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RAH52:
If its an obvious problem that you can resolve over the phone will you do it .I tend to like to ask people to check a few things before I come out but am starting to re-think this .An example would be slow drying ...check your vent .I'm finding I am losing a lot of potential service calls by being a nice guy and its really cutting into the bottom line .

wildimaginations:
I don't look at it that way.  I always offer the usual free advise over the phone before I come out.  If it's a slow drying complaint, I usually tell them that it's the exhaust vent and to have it cleaned out since I don't do that kind of work.  99% of the time, that resolves the issue.  What's really cool is that they call me back for some other problem to service or they tell their friends that I'm 100% trustworthy enough to call.  I'm getting more calls from customers who found me through their friends experience. 

Don't worry about the bottom line too much.  Work on being helpful over the phone first.  Understand the problem over the phone and if it's something that definitely needs a service call, then go for it.  Remember to charge accordingly.  Your skill set is very valuable and you should be compensated properly.  Don't under charge or you'll go broke. 

AJ:
I have no problem telling a customer on the phone what maybe the problem.

Take your dryer example. I would tell them the it's probably a problem with the dryer vent restricting the air flow either by being plugged with lint or pinched off. But I would also go on to tell them that in either case the dryer should be taken apart and cleaned out because lint will also build up inside the dryer especially around the blower housing and that also causes long drying times.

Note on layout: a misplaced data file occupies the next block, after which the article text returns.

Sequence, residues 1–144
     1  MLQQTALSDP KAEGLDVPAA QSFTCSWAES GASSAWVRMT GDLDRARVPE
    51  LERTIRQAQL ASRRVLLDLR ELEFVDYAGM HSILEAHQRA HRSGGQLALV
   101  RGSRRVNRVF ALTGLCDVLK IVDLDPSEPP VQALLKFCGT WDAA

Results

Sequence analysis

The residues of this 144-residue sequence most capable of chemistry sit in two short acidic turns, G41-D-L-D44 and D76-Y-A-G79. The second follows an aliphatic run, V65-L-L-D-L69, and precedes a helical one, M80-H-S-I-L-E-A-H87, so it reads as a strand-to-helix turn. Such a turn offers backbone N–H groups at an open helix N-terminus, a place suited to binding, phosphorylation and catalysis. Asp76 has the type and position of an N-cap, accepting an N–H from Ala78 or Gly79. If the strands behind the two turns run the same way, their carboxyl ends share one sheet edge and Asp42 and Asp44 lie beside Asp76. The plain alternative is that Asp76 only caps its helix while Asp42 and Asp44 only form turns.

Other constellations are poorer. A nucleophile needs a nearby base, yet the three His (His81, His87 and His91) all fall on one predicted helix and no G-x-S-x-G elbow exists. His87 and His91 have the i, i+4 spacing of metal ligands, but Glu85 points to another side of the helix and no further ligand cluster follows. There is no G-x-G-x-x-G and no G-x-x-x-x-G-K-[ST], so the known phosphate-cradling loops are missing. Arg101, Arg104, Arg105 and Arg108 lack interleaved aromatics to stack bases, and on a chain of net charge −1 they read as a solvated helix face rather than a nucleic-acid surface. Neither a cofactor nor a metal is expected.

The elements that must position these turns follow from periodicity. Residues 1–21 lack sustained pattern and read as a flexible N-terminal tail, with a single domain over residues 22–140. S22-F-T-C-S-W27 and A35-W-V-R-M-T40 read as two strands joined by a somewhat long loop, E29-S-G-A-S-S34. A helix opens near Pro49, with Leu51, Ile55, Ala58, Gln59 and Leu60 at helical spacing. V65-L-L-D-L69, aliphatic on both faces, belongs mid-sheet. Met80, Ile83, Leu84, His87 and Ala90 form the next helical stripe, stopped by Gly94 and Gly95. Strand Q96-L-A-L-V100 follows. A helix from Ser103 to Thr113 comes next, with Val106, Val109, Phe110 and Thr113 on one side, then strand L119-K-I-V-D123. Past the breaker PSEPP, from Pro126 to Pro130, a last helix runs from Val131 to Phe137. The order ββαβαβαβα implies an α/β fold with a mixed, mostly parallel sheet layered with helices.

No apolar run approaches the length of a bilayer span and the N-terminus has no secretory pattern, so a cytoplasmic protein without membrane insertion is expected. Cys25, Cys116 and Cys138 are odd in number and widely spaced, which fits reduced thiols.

Most often they then just ask when I can come take a look at it.

I know a lot of bigger companies don't give out advice over the phone, but I rather be part of the solution then part of the problem. ;)

Specialist:
Nicely put Guys: I've never had a problem with telling customers how overcome simple problems like blocked vents or filters etc. As with AJ I very often find that the customer will ask you to come do it anyway & as wild said even if you don't do that repair they will come back when they need something else done. After all you were the guy who was honest with them & did'nt just run out & take their money.

As an example: A while back I got a call for a dryer overheating & her usual guy was too busy, told the customer to check the vent 1st & she discovered a blockage. When she removed that the dryer was ok, anyway a couple of weeks later her washing machine died & I got the call rather than her usual guy because i'd been honest enough to tell her what to check 1st. Apparently her usual guy allways comes out & charges her, since then i've had 4 repairs from her recommendation & made a lot more out of it than I would have for cleaning her vent.


Andy

andersenappliance:
Perhaps I have recently made a mistake. 

A guy called me and said his washer wouldn't hold water, but did not leak.  I thought 'siphon.'  Told him I'd come out right away and look, and it was a siphon.   We trimmed the drain tube, and discussed slow drain lines (he has new carpet) and he paid the call.

I'm still rather green, but the way there I could not think of any other option than siphon.

Oh well. :embarassed:

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